LITTLE though they know it, ramblers who pass through Hoolet are being eyed up. Do they look as if they might enjoy a coffee or home-made scone to see them on their way? So many walkers traipse by, weighed down by backpacks, they surely represent a potential gold mine when finally hospitality can resume.

It is a long time since we had a shop or cafe, and the lack is often bemoaned. Nor is it just villagers who feel the loss. Hoolet lies on the St Cuthbert’s Way, a well-trodden pilgrim route that begins in Melrose, where Cuthbert started out as a monk, and runs to Lindisfarne, where he ended his days as Bishop. While there are signposts, you’ll still often be stopped for directions by strangers in gaiters, bemused by the various roads and paths leading from the hills. One Easter Alan spotted a bare-foot man carrying a wooden cross, but he seemed to know where he was going.

Most who embark on this 60-mile venture bring their own provisions, but who wouldn’t be delighted to smell freshly ground coffee, and take the opportunity for a breather in which to shrug off their packs and pop their blisters?

Of course, should this start-up idea ever get beyond the realm of day-dreams, hill walkers might have to push their way through Hooleteers placing orders. For us, no day is too short or busy to find time to stop and chat, especially if scones are on offer.


Not long after we moved here, a friend dropped by for tea and cake as he embarked on the pilgrims’ way. His pack was almost as big as he was, and it crashed to the floor like a curling stone.

‘What have you got in there?’ I asked. There was a daily change of underwear, socks and t-shirts, a toothbrush and a hefty history of Russia, in hardback. His companion’s rucksack – he too was a reader – was no lighter. When they departed, it took ten minutes to get their boots laced up, after which they hoisted their packs onto their shoulders like coalmen heaving sacks. We watched them trudge up the street like lorries in first gear on the Khyber Pass.

As they slowly disappeared out of sight, we feared they would not even make it as far as their first B&B, three miles away. But in fact, they completed the entire route without mishap, which makes me wonder if perhaps I could do it too.

The other evening, sitting by the window and watching the snow fall, our thoughts turned to holidays. Despite the surge in over-50s booking holidays abroad this summer (how hopeful is that!), going anywhere beyond our sightline for some considerable time seems unlikely. Jet-set friends and family in recent years have attempted the Camino de Santiago in Spain, or walked in the Canadian Rockies, but given that the St Cuthbert’s Way is on our doorstep, it might offer as much escape and diversion as anybody can presently expect. Possibly even too much excitement.

The path runs through some of the most beguiling landscape in the area. Crossing the Eildons, then heading over the River Tweed at Dryburgh – where be otters – it continues through the Cheviots between Morebattle and Wooler, and ends at the Northumberland coast, not far from Bamburgh.

In Scotland you can pitch a tent wherever you like, and also ride a bike or horse, conditions permitting. Once in England, however, the rules are stricter, bikes and horses and wild camping no longer an option except where approved. Already I’m poring over maps. The route looks easy to follow, but I have an almost pathological ability to lose my way, by car or on foot. Alan claims to be savvier, but since he once directed us as far as the outskirts of Troon when heading from Glasgow to Drumlanrig – he had forgotten his glasses – I cannot rely entirely on him.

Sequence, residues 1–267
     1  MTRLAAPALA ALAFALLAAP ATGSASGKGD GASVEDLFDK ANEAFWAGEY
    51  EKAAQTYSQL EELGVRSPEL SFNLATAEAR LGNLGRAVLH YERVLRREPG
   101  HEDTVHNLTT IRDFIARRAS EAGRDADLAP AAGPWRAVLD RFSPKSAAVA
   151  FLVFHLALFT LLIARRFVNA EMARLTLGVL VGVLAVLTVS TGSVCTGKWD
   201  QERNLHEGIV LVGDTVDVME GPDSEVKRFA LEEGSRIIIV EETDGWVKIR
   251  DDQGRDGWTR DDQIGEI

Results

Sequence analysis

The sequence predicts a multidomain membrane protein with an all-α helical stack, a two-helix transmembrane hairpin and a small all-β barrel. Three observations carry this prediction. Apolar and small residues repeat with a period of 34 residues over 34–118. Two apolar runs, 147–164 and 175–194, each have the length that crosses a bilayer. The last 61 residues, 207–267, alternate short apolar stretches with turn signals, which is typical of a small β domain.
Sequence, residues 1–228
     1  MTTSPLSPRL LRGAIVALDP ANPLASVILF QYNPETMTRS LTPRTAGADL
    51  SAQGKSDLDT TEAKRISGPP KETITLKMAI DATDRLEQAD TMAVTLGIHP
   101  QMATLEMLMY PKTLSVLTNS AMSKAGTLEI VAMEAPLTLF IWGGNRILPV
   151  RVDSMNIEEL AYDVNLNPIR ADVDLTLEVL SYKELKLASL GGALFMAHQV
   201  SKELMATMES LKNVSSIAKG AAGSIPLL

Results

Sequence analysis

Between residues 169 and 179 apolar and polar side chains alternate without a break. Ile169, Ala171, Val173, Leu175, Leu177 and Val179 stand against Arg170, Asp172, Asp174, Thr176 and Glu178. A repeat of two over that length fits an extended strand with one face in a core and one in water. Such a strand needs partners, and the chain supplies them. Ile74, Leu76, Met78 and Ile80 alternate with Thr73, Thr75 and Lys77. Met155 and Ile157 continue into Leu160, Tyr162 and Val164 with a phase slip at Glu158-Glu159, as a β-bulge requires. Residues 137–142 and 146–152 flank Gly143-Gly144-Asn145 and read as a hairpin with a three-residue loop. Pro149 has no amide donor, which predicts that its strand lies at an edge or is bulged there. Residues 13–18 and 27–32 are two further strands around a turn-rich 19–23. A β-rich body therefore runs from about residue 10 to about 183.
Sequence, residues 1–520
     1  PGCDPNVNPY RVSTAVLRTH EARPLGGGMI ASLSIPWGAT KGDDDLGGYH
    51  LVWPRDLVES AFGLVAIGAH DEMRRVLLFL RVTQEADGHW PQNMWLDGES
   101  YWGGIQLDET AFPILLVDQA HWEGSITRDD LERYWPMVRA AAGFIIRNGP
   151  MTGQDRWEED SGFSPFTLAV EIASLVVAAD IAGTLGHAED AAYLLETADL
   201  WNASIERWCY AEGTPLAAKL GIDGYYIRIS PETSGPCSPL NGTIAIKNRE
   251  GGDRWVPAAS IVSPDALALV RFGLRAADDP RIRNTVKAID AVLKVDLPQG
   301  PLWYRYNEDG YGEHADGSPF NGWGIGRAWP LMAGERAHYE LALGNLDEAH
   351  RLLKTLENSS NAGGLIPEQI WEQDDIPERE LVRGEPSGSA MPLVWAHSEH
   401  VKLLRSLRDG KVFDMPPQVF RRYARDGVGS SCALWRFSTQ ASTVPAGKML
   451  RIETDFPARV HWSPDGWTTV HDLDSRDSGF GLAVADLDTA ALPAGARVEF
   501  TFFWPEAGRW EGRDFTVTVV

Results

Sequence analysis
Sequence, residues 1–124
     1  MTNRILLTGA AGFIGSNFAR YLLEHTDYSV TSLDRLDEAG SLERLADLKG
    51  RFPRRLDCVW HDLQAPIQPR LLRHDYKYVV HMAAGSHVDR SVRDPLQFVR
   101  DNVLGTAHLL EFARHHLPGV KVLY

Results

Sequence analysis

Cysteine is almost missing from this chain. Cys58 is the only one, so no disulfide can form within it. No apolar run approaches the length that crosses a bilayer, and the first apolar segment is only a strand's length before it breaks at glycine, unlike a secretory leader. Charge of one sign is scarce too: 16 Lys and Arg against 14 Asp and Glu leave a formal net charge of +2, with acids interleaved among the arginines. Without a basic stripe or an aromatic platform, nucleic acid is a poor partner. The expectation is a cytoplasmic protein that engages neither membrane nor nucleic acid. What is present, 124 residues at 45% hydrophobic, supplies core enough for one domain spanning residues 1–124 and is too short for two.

Fortunately, the staging posts are relatively short, on average seven or eight miles. This of course raises the question of whether to do two stages each day, or take it easy, and double the length and pleasure of the trip. Part of me prefers the second option – what point walking as if to a stopwatch when you’re taking a break? – but it might also feel too brief a daily excursion. That said, if you’re not pitching a tent – and we certainly won’t be doing that, no matter what Tenzing Norgay says – hotels, or guest houses and B&Bs are often a few miles off the route.

The planning committee has not yet convened to decide the details of the trip, but for the moment it’s pencilled in for late summer or early autumn, depending on the pandemic’s persistence. Studying the map shows that the way takes you through rich layers of history, from the days of Picts, Romans, Vikings and marauding kings to the ferocious reivers, who arguably caused more trouble than all the rest together.

I’m already getting into the holiday mood, just by tracing the route. Maps have always fascinated me, although more as portholes into the past than as an active aid to navigation. Despite the steep climbs, possible encounters with territorial bulls, and the difficulty of gauging how many Mars bars to stuff into my bag, there’s only one obvious obstacle to be cleared.

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The final stage of the walk involves crossing to Lindisfarne between tides. I’m not keen on that. Come the day, I hope to be so buoyed by adrenaline and relief at having made it that I won’t give the North Sea a second thought. It’s more likely, though, that my mind will be on Grace Darling and the nearest lifeboat station as we splash on and off the island.

Taking what is known as the pilgrims’ path directly over the wet sands is a mile shorter than by causeway. On the tarmacked route, however, there is a refuge tower, in case you’re stranded. The mere sight of a timetable labelled Safe Crossing Times makes me shiver. I have never forgotten Robert Stevenson’s account of building the Bell Rock Lighthouse, when a boat drifted off, leaving engineers on the rock with the sea rising around their feet. One thing’s for sure, then. Should we ever get that far, I’ll be taking the high road.